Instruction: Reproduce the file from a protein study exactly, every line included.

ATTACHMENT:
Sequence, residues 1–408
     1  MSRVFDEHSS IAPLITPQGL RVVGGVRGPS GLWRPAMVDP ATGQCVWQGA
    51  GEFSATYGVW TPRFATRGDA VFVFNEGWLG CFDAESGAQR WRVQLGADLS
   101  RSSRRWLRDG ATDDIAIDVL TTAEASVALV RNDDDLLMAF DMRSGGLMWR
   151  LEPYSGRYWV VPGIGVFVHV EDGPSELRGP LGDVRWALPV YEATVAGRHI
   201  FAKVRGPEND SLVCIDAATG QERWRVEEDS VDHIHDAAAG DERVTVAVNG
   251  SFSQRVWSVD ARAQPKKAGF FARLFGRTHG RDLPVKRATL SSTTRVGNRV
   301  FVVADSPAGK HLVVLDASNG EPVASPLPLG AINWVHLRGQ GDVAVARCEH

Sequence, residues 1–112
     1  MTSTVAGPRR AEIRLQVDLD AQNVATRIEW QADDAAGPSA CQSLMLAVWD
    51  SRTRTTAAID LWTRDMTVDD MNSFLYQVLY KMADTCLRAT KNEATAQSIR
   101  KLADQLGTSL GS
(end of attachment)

Sequence, residues 1–408
     1  MSRVFDEHSS IAPLITPQGL RVVGGVRGPS GLWRPAMVDP ATGQCVWQGA
    51  GEFSATYGVW TPRFATRGDA VFVFNEGWLG CFDAESGAQR WRVQLGADLS
   101  RSSRRWLRDG ATDDIAIDVL TTAEASVALV RNDDDLLMAF DMRSGGLMWR
   151  LEPYSGRYWV VPGIGVFVHV EDGPSELRGP LGDVRWALPV YEATVAGRHI
   201  FAKVRGPEND SLVCIDAATG QERWRVEEDS VDHIHDAAAG DERVTVAVNG
   251  SFSQRVWSVD ARAQPKKAGF FARLFGRTHG RDLPVKRATL SSTTRVGNRV
   301  FVVADSPAGK HLVVLDASNG EPVASPLPLG AINWVHLRGQ GDVAVARCEH

Sequence, residues 1–112
     1  MTSTVAGPRR AEIRLQVDLD AQNVATRIEW QADDAAGPSA CQSLMLAVWD
    51  SRTRTTAAID LWTRDMTVDD MNSFLYQVLY KMADTCLRAT KNEATAQSIR
   101  KLADQLGTSL GS